The Integrity case is proof that lenders may be unsuccessful in arguing that online transactions do not reach into the consumer’s home. Instead, courts will look at a variety of factors in determining whether to enforce a choice-of-law clause in a consumer loan contract, including whether the lender targeted out-of-state consumers with advertising and communications. Courts also often refuse to uphold choice-of-law clauses on the grounds that applying the foreign law would violate public policy.

Community and regional banks and other regulated financial institutions are applauding this effort by regulators to ensure that both the regulated and their regulators have a clear understanding of the appropriate role of guidance in supervision.

As the cases above demonstrate, internet lenders may face compelling arguments that they injected themselves into other states’ streams of commerce. They will have a difficult time overcoming those arguments.


Bank partnerships are also the subject of continuing regulatory interest. In the bank partnership model, banks offer loans in conjunction with a non-lender acting as their marketing and servicing agent. The bank generally sets the underwriting criteria and funds the loans.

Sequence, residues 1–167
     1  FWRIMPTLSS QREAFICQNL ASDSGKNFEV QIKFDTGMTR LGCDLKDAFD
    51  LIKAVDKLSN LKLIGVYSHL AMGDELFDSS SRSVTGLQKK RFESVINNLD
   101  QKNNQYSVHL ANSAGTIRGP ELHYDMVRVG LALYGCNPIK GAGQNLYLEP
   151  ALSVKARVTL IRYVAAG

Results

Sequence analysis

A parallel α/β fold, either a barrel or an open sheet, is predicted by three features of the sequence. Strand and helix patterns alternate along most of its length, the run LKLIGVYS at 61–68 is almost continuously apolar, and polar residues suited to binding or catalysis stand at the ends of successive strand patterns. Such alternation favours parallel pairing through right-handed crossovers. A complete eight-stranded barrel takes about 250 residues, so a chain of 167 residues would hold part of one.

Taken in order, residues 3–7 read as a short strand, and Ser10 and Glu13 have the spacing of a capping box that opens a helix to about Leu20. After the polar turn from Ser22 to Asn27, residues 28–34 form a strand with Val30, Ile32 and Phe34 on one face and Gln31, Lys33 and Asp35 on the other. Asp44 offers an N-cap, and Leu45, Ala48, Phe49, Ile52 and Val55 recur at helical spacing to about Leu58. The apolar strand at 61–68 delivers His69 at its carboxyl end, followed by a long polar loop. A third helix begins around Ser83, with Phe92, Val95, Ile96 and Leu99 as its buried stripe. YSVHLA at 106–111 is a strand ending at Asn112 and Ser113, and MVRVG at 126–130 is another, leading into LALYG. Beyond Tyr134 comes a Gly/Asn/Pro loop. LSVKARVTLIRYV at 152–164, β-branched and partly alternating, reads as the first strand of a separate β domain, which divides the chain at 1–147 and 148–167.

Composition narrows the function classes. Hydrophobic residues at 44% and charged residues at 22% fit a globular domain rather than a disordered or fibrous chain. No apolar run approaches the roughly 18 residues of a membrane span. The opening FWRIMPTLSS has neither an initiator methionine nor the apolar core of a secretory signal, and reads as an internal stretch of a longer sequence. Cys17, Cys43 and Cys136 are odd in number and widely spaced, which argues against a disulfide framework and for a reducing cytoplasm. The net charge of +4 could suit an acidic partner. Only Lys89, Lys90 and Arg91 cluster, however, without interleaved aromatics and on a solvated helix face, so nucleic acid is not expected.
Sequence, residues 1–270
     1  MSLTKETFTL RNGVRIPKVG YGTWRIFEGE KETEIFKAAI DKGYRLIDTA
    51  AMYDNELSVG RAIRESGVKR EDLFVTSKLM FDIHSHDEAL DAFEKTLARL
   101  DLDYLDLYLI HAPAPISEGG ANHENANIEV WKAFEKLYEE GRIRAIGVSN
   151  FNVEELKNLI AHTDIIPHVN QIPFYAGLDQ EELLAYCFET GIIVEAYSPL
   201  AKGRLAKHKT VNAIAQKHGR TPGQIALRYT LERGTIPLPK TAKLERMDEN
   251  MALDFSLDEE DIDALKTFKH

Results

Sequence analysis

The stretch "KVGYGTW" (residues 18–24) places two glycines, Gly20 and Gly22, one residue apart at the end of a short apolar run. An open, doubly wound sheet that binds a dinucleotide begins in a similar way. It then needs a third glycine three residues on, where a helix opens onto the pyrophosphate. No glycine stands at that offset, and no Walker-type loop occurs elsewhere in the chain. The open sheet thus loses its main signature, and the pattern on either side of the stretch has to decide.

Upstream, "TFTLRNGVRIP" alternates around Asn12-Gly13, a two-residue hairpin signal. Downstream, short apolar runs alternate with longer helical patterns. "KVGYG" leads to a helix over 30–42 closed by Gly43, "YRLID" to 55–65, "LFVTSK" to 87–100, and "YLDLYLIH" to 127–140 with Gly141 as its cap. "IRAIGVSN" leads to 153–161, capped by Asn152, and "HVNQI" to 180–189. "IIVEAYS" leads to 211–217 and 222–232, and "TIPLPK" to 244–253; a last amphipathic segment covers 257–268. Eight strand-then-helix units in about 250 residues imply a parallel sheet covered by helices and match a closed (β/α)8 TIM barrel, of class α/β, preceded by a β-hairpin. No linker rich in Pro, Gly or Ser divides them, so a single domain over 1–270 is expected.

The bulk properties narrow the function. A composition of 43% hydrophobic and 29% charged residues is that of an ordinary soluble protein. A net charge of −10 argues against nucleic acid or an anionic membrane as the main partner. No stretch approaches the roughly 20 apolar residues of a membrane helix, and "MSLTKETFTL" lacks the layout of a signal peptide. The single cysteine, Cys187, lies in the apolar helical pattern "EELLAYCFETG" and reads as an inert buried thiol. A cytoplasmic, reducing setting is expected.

The partner entity performs marketing and servicing functions and, in some partnerships, purchases the right to collect revenue from the loans after origination.

Opponents of the bank partnership model argue that the nonbank entities are the true lender and are simply using the bank’s charter to evade state interest rate limitations. These opponents have found some success in challenging the validity of the bank partnership model in a few cases.

In Meade v. Avant of Colorado LLC, the administrator of the Colorado Uniform Consumer Credit Code brought an enforcement action alleging that Avant, a non-bank affiliate assignee of loans from a federally insured bank, violated Colorado’s finance charge limitations.

Guidance can provide examples of practices that the agencies generally consider consistent with safety-and-soundness standards or other applicable laws and regulations, including those designed to protect consumers.